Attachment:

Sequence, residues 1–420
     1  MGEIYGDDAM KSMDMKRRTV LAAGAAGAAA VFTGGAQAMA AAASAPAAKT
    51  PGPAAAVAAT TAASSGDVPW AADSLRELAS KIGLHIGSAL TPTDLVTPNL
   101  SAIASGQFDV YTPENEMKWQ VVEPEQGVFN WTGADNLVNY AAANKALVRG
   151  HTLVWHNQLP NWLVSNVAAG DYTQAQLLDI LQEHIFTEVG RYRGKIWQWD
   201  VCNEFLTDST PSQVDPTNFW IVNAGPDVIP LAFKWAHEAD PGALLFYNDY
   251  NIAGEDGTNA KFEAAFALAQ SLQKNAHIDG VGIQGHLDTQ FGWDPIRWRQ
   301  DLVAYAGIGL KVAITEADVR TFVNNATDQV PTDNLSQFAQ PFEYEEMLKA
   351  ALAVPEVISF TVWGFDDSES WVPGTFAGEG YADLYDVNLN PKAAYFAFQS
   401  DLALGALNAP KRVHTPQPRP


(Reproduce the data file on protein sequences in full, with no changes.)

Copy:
Sequence, residues 1–420
     1  MGEIYGDDAM KSMDMKRRTV LAAGAAGAAA VFTGGAQAMA AAASAPAAKT
    51  PGPAAAVAAT TAASSGDVPW AADSLRELAS KIGLHIGSAL TPTDLVTPNL
   101  SAIASGQFDV YTPENEMKWQ VVEPEQGVFN WTGADNLVNY AAANKALVRG
   151  HTLVWHNQLP NWLVSNVAAG DYTQAQLLDI LQEHIFTEVG RYRGKIWQWD
   201  VCNEFLTDST PSQVDPTNFW IVNAGPDVIP LAFKWAHEAD PGALLFYNDY
   251  NIAGEDGTNA KFEAAFALAQ SLQKNAHIDG VGIQGHLDTQ FGWDPIRWRQ
   301  DLVAYAGIGL KVAITEADVR TFVNNATDQV PTDNLSQFAQ PFEYEEMLKA
   351  ALAVPEVISF TVWGFDDSES WVPGTFAGEG YADLYDVNLN PKAAYFAFQS
   401  DLALGALNAP KRVHTPQPRP